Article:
Photo: Ed Mulholland
By Hamilton Nolan
Terence Crawford is a fighter whose world class talent was recognized only recently. Yuriorkis Gamboa is a fighter whose world class talent was recognized years ago. Their styles are dissimilar, and their careers have followed vastly different paths. But for each man, beating the other is vital to proving that he is what everyone estimated him to be.
The ascendance of Terence Crawford (23-0 16 KOs) seemed to come out of nowhere. This was an illusion, of course; by the time he stepped into the ring last year as a late fill-in against Breidis Prescott, he’d already had a decorated amateur career and assembled a 19-0 record as a pro. But Crawford had the (business) misfortune of being from Omaha, Nebraska, which had sentenced him to a career spent fighting journeymen outside of boxing’s major media centers. He was--though he should not have been--an unknown quantity to most fans.
His disassembling of Prescott changed all that. It became apparent to everyone that Crawford was not some fledgling prospect, nor some raw talent waiting to be honed for several more years; he was a polished, exacting, and lethal boxer who mixed a stylish defense with nonstop footwork and a determined commitment to attacking that separated him from more run-of-the-mill slick boxing types. He was, at the age of 25, a finished product. After beating Prescott, he went on to TKO Alejandro Sanabria, and then turn in decision wins over Andrey Klimov and Ricky Burns, confirming his rise to the top of the lightweight division. In the space of a single year, Crawford proved that he is probably the most skilled 135-pound fighter in the world. All he lacks is a win over a true A-level fighter to show that he belongs among boxing’s elite.
Enter Yuriorkis Gamboa, the most frustrating fighter in the world. Not only for his opponents, but for his fans as well. Gamboa’s ethereal athleticism, talent, punching power and speed have been salivated over for years; and yet, at age 32, all he has to show for it is a 23-0 record with a signature win over… Orlando Salido? Some of this is due to the fact that he had to defect from Cuba (after winning a gold medal in the 2004 Olympics), and didn’t begin his official pro career until 2007. But more of it is due to the poor management of his career. Even five years ago, Gamboa had the ability to fight anyone in the world. Instead, promotional miscues and contract disputes slowed his career to a painfully slow pace, failing to produce a single matchup with a truly world class opponent who could force Gamboa to work hard and show everything that he has. Until now.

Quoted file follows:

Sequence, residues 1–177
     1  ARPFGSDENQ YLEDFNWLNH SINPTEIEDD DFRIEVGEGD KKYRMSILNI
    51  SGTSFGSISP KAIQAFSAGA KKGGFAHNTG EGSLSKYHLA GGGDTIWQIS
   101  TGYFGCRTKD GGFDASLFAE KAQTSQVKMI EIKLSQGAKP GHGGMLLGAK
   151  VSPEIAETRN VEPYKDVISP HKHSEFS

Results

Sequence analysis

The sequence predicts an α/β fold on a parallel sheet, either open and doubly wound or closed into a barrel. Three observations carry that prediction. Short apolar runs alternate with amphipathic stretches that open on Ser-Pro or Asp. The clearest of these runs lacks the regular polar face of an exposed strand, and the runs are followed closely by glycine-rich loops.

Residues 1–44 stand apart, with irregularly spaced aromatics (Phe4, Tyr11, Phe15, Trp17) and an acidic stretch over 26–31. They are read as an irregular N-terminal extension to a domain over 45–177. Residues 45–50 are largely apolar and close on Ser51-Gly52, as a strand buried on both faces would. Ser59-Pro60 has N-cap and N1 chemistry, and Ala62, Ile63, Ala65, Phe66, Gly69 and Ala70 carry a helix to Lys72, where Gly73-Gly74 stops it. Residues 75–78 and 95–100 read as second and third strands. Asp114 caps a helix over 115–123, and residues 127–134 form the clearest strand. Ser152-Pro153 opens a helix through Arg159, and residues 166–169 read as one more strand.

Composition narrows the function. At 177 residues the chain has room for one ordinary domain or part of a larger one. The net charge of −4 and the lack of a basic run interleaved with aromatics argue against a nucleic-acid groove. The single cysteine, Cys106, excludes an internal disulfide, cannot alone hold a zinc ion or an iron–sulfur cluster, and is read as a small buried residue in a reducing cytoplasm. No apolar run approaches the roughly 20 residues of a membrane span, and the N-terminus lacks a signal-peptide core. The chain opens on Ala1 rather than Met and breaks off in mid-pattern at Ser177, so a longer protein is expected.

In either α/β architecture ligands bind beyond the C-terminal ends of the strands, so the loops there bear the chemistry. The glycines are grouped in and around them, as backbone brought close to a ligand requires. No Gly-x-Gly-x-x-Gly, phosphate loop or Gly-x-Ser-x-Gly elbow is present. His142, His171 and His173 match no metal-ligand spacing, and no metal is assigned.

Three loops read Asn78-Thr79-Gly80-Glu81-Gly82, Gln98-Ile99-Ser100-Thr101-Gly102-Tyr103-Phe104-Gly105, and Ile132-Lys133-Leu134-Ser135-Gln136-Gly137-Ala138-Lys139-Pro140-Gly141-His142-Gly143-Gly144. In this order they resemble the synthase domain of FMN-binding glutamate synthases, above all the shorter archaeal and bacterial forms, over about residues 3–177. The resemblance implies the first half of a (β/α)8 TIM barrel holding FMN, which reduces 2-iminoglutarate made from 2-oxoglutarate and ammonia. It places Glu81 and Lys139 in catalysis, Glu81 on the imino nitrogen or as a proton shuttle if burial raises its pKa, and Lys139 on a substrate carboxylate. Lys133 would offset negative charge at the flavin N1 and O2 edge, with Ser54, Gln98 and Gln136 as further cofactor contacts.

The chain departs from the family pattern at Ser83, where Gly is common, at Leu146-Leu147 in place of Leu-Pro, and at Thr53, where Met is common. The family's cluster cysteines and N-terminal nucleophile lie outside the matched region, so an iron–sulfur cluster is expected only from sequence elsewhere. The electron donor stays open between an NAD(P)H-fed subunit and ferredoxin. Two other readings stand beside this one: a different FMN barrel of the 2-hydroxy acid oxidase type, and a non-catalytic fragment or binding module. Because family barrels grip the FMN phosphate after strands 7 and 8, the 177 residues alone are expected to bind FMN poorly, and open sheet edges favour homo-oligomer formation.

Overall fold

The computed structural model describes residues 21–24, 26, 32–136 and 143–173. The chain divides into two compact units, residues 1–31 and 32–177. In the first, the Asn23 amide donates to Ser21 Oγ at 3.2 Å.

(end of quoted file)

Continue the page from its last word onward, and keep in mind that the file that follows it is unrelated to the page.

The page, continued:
It’s about time. Gamboa’s last two fights, against Michael Farenas and Darleys Perez, proved to be lackluster affairs in which Gamboa went through the motions for decision victories that were much less pretty than they should have been, given the matchups. It is Gamboa’s curse, and allure, to be so good that he grows bored in the ring easily. He rarely flashes his ability to throw crushing dozen-punch combinations unless he has to. When he is not challenged, he seems content to move and jab and throw the occasional right hand, winning rounds while looking completely average. It is only when he is challenged or hurt with a punch that he unleashes the offensive whirlwind that keeps boxing purists coming back to his fights time and again, even after one too many disappointments.
That makes this fight all the more interesting. Crawford is not only a fighter who can hit Gamboa--he is a fighter who can hit Gamboa and not get hit back. He is a fighter who can at least have a chance at controlling Gamboa with his jab, winning rounds and staying away from counterattacks with sterling footwork. He can, and probably will, use Gamboa’s weaknesses against him in a way that no one has before. Yes, Gamboa has been hit before, and dropped before, mostly due to his own laziness. But he has never before been truly outboxed--set on his heels by someone whose skills were at least in the same ballpark as his own. Given Crawford’s consistency and tendency towards intelligent and methodical fighting (and the fact that Crawford is the bigger man), this seems quite likely to happen.
And then what? Will Gamboa fold against a sharper and more technical boxer? Or will the frustrations inherent in fighting Crawford inspire Gamboa to--at last!--display every last bit of his talent in a single fight? His ability to encircle opponents in two wide steps; his blazing hand speed and tornado of combination punching that no man can withstand; his Roy Jones-esque ability to keep his hands down and still bowl over opponents with hooks. That is the Yuriorkis Gamboa that the world has been waiting to see. The only question is whether that Yuriorkis Gamboa is still lurking within, waiting to come out.
If it doesn’t, Terence Crawford will get the win of his life.
The undercard pits two undefeated but untested international middleweights against one another. Matt Korobov (23-0) is a combination-punching Russian southpaw with wins over respectable gatekeepers like Derrick Findley and Grady Brewer. Jose Uzcategui has slightly flashier numbers (22-0, 18 KOs), but he's fought exclusively in Mexico and has yet to be tested. Uzcategui has long reach and a bomb of a right hand, but Korobov's experience makes it his fight to lose.